Editors' note: This review was originally published on Oct. 15, 2018, and was updated on Nov. 9 with additional analysis of the OnePlus 6T.

Pixel's exceptional camera delivers again

If the Pixel 2 ($649 at Google Store)'s camera was excellent, the Pixel 3 is exceptional. The Pixel 3 takes impressive low-light photos, records steady video and pulls off solid portrait photos with only one rear lens compared to phones that use two cameras for the same effect. Its wide dynamic range handles varying lighting and exposures particularly well, at times producing images that look better than in real life.

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The Pixel 3 has a single 12.2-megapixel rear camera.

Sarah Tew/CNET

New camera software also aims to improve photo quality. Top Shot, which works when you take "Motion" pictures, looks for smiles and open eyes to recommend the best image in a series. To improve its digital zoom, the Pixel combines several photos together and processes super detailed, zoomed-in shots. Google also improved the camera's low-light capabilities, known as Night Sight, but this specific feature won't be available until later this year. You can check out some promising test shots of Night Sight here though.

In general, the Pixel 3 takes brilliant photos, capturing images that are detailed and clear. The colors are a tad more intense than you'd see on the iPhone XS, but not to a level that's unrealistic or exaggerated. The Pixel also handled white-balance and its skin tones were more true to life than the Galaxy S9 and Note 9 at times. It also retained more details with darker shadows than the Galaxy phones.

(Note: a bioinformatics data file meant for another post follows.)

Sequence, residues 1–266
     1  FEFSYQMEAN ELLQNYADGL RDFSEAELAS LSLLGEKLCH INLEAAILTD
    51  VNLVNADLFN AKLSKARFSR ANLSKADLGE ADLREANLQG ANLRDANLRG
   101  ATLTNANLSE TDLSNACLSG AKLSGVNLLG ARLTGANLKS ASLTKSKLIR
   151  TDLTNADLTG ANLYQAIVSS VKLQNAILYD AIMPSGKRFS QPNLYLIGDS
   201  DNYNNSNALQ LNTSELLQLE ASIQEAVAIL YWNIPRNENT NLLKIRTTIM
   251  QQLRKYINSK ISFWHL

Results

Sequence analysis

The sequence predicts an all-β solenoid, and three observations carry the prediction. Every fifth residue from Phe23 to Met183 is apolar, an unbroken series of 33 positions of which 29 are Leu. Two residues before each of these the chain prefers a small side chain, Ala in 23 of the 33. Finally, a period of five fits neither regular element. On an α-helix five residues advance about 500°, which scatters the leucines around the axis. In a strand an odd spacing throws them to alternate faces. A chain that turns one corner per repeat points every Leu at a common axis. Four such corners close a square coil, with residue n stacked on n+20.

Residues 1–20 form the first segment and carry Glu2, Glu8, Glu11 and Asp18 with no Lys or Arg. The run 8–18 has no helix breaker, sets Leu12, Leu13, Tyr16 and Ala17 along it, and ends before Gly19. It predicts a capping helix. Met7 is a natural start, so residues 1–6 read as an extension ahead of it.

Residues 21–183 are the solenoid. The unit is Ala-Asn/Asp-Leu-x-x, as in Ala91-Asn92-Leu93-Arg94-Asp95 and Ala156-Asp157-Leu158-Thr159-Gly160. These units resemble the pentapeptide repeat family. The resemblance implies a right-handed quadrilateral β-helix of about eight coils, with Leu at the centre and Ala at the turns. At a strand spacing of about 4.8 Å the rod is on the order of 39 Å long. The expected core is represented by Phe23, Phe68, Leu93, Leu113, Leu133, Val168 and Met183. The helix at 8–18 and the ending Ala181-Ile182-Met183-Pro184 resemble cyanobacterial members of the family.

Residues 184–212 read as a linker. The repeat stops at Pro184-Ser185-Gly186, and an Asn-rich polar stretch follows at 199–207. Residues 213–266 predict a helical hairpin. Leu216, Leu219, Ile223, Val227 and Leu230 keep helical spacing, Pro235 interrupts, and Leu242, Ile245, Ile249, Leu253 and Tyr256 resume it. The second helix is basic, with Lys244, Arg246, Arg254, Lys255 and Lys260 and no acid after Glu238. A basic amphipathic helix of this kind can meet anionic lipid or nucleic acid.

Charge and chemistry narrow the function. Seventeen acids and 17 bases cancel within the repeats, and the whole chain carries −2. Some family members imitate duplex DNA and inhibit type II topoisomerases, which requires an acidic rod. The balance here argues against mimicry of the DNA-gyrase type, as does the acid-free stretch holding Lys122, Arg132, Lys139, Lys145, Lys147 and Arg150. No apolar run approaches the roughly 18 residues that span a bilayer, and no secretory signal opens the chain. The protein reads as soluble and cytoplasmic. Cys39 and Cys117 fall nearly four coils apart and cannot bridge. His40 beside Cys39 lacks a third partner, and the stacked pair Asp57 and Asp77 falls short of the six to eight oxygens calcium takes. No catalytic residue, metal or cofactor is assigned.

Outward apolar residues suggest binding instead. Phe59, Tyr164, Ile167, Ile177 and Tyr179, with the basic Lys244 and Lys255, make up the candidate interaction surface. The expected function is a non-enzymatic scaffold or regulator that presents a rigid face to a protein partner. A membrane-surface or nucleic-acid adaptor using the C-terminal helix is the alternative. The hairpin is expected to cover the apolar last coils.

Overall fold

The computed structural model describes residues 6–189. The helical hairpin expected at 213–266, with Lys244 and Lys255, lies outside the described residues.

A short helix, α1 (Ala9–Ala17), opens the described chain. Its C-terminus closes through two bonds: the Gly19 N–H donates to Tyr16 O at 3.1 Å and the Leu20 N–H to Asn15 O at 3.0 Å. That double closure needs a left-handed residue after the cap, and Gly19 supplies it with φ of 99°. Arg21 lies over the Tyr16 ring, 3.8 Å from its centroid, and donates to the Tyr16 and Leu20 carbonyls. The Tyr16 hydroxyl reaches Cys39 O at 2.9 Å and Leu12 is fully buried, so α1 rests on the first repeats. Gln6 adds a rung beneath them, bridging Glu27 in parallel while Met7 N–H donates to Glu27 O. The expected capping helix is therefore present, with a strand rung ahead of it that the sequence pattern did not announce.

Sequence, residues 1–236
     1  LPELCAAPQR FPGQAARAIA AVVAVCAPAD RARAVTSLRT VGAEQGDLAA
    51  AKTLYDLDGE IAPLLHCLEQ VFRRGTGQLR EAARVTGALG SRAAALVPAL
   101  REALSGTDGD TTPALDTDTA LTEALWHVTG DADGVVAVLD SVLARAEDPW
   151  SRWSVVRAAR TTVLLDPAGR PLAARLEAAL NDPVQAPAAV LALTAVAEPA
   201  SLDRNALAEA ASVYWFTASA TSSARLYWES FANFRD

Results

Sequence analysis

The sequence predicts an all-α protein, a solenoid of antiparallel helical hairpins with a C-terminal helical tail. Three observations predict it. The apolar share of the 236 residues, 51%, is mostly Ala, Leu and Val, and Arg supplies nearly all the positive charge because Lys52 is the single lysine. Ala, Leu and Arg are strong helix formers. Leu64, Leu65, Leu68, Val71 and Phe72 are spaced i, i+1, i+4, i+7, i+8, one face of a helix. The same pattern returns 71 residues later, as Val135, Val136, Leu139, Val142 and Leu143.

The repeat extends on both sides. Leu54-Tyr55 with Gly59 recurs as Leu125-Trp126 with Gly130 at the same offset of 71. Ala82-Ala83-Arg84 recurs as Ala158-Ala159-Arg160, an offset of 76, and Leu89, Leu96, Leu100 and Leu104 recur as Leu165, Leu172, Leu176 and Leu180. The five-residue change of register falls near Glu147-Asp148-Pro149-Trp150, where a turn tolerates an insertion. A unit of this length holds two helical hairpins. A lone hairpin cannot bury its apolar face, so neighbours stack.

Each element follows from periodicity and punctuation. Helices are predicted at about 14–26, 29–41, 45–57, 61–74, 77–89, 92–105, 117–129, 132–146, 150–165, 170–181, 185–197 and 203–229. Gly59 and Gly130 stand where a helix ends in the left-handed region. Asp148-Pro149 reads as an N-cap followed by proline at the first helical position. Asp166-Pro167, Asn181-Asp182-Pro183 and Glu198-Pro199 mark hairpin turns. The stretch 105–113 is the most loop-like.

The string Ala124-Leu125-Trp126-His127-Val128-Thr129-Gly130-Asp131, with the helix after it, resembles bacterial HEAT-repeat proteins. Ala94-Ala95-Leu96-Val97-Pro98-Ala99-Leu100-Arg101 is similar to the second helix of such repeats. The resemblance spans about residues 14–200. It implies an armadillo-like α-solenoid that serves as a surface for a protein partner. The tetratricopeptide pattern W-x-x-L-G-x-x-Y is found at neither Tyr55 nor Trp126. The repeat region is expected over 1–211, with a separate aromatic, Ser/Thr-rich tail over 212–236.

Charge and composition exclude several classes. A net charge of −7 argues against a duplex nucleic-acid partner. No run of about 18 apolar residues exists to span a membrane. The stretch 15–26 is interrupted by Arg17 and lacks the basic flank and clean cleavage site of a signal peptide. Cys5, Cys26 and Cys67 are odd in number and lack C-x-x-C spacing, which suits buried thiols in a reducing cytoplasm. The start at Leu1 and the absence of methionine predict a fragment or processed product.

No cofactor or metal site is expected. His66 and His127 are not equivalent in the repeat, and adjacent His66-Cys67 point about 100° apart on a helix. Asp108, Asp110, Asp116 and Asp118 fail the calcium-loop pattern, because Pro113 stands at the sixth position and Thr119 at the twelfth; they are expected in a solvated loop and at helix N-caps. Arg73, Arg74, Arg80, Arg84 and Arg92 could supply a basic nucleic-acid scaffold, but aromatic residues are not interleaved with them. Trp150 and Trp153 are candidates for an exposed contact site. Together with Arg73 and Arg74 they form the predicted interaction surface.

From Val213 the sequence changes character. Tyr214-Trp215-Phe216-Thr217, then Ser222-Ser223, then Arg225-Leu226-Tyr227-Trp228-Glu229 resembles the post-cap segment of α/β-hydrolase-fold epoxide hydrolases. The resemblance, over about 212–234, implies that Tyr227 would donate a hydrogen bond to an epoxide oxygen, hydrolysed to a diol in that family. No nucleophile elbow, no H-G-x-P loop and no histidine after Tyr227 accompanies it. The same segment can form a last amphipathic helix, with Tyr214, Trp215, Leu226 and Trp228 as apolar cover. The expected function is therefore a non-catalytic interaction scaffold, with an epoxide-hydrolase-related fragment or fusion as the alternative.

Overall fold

There were times when the OnePlus 6T had a wider dynamic range than the Pixel 3 XL in its default mode, brightening and punching up colors more. But when I switched to the 3 XL's HDR+ enhanced mode, it outperformed the OnePlus 6T. And while the 6T in Nightscape retained the same, if not slightly more, details than the Pixel 3 XL, I have yet to test out the latter's upcoming Night Sight feature.

The Pixel 3's camera is skillful at taking portrait photos too. They take a few seconds to render, but the falloff between the fore- and background looks natural and not overly smooth. When I took a photo of a dog, I noticed a patchy-looking stray hair or two, but the effect was minimal. And the Pixel gives you the option to tweak the blurriness and focus of these portraits after you fire the shutter, similar to the iPhone XS and other Android phones. The editing process is precise and easy to use. (For a deeper dive, check out CNET's Pixel 3 vs. iPhone XS camera comparison.)

Taking a picture with Portrait Mode on (left) and off (right).

Lynn La/CNET

In this indoor photo, the fish and clams all look detailed and crisp.

Lynn La/CNET

Zooming in max at this building near Madison Square Park. The Pixel combines several photos together to process these detailed, zoomed-in shots.

Lynn La/CNET

In this low-light image, the camera still captured details of people's faces and the bar in the back.

Lynn La/CNET

The Pixel 3's expert handling of different lighting sources and exposures captured this vibrant shot.

Lynn La/CNET

In this closeup shot taken outdoors, you can see how each phone captured its own great image, but all of them handled color differently.

Lynn La/CNET